Researchers and industry professionals must first resolve some technological barriers before Wireless Information Integration can become a reality.

1. Unmanned GAN PlatformA Modern-Day Military UAV (Unmanned Aerial Vehicle)

Self-supporting, autonomous blimps hovering at A Modern-Day Unsightly Cellular Phone Tower20 km will blanket GAN signals over 800,000 sq km. Current unmanned aircraft stay aloft for 48 hours, and cell phone towers cover only 26 sq km.

The GAN will require 500 Gbps fiber optic landlines encrypted with quantum cryptography to connect GAN communication hub stations, buildings broadcasting unidirectional signals to blimps. Modern fiber optics operates at only a few gigabits per second.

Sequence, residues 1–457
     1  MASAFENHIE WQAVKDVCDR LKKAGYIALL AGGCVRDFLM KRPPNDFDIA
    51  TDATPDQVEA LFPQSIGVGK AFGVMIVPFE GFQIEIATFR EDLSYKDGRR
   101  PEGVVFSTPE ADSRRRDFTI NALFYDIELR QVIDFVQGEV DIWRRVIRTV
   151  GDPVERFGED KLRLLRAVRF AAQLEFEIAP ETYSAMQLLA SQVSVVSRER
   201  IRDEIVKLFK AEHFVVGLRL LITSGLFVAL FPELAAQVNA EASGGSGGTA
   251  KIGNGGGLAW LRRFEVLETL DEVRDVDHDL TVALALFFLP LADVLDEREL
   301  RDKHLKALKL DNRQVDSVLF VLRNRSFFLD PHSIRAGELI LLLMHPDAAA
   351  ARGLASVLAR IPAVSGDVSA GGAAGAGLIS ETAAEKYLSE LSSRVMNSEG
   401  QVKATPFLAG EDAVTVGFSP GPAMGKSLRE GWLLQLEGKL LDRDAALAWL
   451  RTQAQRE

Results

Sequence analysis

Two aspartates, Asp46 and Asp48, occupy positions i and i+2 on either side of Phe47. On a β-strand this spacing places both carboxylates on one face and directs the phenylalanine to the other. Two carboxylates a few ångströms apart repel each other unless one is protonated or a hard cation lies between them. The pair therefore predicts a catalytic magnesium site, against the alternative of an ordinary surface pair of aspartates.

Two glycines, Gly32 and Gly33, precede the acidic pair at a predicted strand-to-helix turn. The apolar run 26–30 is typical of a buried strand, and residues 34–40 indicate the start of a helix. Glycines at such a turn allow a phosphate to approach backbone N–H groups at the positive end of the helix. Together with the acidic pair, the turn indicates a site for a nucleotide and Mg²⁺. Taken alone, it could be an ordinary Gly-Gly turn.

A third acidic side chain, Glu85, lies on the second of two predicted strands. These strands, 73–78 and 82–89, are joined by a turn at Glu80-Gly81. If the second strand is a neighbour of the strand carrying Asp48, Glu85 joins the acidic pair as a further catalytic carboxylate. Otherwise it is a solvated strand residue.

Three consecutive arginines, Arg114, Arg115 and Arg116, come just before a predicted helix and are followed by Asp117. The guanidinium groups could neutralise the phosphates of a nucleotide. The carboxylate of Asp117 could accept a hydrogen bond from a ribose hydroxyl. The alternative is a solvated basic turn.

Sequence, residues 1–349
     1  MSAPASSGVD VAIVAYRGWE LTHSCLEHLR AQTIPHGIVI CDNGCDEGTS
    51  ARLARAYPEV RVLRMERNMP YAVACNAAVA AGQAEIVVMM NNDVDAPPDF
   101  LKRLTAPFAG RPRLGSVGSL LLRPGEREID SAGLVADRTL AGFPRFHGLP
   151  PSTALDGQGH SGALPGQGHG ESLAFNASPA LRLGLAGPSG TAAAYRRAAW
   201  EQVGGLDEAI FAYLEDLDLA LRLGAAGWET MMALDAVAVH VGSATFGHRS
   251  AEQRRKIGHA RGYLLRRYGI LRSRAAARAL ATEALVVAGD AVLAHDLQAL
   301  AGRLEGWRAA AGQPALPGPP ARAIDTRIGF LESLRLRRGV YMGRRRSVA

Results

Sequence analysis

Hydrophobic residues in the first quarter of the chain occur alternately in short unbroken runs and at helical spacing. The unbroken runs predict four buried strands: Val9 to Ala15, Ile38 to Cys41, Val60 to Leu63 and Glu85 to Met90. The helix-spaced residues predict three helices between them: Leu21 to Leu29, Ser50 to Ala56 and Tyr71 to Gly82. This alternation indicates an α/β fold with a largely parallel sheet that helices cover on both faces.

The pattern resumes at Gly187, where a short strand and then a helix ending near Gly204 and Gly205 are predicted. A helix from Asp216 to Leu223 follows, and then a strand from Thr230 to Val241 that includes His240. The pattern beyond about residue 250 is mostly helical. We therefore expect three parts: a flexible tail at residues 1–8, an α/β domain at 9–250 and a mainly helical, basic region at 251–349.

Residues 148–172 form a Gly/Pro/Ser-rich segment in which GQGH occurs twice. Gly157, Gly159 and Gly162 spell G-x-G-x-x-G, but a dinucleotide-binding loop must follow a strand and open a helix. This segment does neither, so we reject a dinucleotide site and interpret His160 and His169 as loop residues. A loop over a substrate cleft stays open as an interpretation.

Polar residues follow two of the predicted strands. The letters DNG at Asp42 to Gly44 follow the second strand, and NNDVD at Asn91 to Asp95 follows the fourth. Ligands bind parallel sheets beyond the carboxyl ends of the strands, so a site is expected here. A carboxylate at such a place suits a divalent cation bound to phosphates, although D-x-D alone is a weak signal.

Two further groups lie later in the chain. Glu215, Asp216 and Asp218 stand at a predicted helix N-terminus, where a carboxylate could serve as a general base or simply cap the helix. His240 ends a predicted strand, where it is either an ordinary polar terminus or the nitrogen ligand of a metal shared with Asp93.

2. Compact, High-Throughput TransponderBoston University's 10.7 micron nanomechanical antenna

FDIAs need nanomechanical antennae capable of 8 Gbps, 5 GHz transmissions. Cell phone antennae are 3-9 cm long and handle 144 Kbps, 900 MHz transmissions. The best existing nanoantenna (engineered at Boston University) oscillates at 1.49 GHz.

3. Advances in Nano-Lithography

Modern attempt at Nanosphere LithographyAccording to Moore’s law, the FDIA will run at several hundred gigahertz. In order to engineerImage of Nanosphere Lithography advanced circuitry and MRAM chips, companies will use nanosphere lithography, which requires a 5-nm process. Companies currently use a 45-nm process. Existing MRAM chips store only 16 bits of data; the FDIA needs 8-terabyte MRAM chips.

4. Compact, Flexible Power Source

A current Laptop Lithium Ion Battery: Bulky, Unsightly, and POISONOUSOrganic radical batteries (ORB) will be thin, flexible, and biodegradable. Unlike modern batteries, ORBs use organic radicals, not toxic compounds. Existing ORBs recharge in 30 seconds; the FDIA's ORB will recharge in two.


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Wireless Information Integration